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RLC circuit

  1. Nov 15, 2015 #1
    1. The problem statement, all variables and given/known data
    See the picture. If at electrical resonance ##U_c=60 V## and ##U_L=40 V##, find the ratio of reactances ##\frac{X_L}{X_c}##.


    2. Relevant equations ##Z=\sqrt{R^2+(\omega L - \frac{1}{\omega C})^2}## , ## Y= \sqrt{\frac{1}{R^2} + (\omega C - \frac{1}{\omega L})^2}## , ##\phi = \arctan \frac{\omega L - \frac{1}{\omega C}}{R}## and so on


    3. The attempt at a solution
    I am not sure how exactly use given conditions, I somehow got that if there is electrical resonance , than
    ##R^2C=R^2C^2\omega^2L+L## but that's surely wrong, and not sure how to use the voltages given.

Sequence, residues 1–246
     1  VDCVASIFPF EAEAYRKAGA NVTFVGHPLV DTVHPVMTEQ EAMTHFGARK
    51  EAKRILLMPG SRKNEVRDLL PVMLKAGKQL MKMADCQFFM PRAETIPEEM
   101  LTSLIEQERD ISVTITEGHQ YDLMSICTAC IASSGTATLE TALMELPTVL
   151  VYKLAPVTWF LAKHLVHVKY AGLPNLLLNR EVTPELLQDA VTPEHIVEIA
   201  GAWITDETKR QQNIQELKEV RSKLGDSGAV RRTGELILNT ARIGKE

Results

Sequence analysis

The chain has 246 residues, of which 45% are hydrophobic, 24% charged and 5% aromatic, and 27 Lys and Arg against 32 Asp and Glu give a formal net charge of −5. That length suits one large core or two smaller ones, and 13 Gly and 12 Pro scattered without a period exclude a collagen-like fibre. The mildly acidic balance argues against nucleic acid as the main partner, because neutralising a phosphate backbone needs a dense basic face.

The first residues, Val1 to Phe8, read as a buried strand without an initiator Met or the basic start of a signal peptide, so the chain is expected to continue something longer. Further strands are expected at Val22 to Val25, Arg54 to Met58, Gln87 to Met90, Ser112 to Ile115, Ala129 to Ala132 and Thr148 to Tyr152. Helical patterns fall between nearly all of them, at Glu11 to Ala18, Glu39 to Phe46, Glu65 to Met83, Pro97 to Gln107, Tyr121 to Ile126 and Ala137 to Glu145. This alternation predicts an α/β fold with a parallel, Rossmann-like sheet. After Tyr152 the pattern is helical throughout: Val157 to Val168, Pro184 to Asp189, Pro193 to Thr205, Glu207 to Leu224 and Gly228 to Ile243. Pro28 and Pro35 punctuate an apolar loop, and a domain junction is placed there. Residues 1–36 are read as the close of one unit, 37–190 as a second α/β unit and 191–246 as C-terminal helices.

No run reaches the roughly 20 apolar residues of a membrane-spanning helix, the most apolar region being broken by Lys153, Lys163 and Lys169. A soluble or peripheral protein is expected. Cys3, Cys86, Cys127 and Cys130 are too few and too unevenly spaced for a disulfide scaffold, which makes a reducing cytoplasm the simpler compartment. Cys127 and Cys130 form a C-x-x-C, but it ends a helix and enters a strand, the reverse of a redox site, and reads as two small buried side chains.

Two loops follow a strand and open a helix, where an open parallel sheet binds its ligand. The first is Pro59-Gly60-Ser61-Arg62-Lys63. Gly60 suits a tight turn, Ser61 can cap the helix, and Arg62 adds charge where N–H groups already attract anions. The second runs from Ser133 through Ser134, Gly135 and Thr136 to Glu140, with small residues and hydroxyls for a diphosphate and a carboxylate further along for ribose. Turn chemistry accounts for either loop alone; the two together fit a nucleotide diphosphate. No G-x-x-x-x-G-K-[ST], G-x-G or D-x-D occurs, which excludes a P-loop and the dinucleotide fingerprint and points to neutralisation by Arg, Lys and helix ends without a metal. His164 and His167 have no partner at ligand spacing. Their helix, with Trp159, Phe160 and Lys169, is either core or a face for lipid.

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  3. Nov 15, 2015 #2

    BvU

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    "I somehow got" is not very strong. What does your textbook or your notes say ?
     
  4. Nov 15, 2015 #3

    ehild

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    These equations are not relevant for the circuit in the problem.

    Your equation is correct.
    What is the current at resonance? What are the expressions for UL and Uc at resonance?
     
  5. Nov 16, 2015 #4
    Maybe not these in particular, but little modified,I used them to get ## R^2C=R^2C^2\omega^2 L + L ##. I got that in two different ways (then I thought that it might be correct).
    I first calculate ## Z_{RC}## (parallel) with ##Y_{RC}## and since I know ##\tan \phi##, i can calculate ## \sin \phi=\frac{\tan \phi}{\sqrt{\tan^2 \phi+1}}##, and since imaginary part of ##Z_{RLC}## has to be ##0##, then ##Z_{RC} \sin \phi = L \omega## . The other way was to calculate ##Z_{RC}= \frac{-jRC \omega}{R-jC\omega}## and so on. Is there maybe easier way to derive this formula?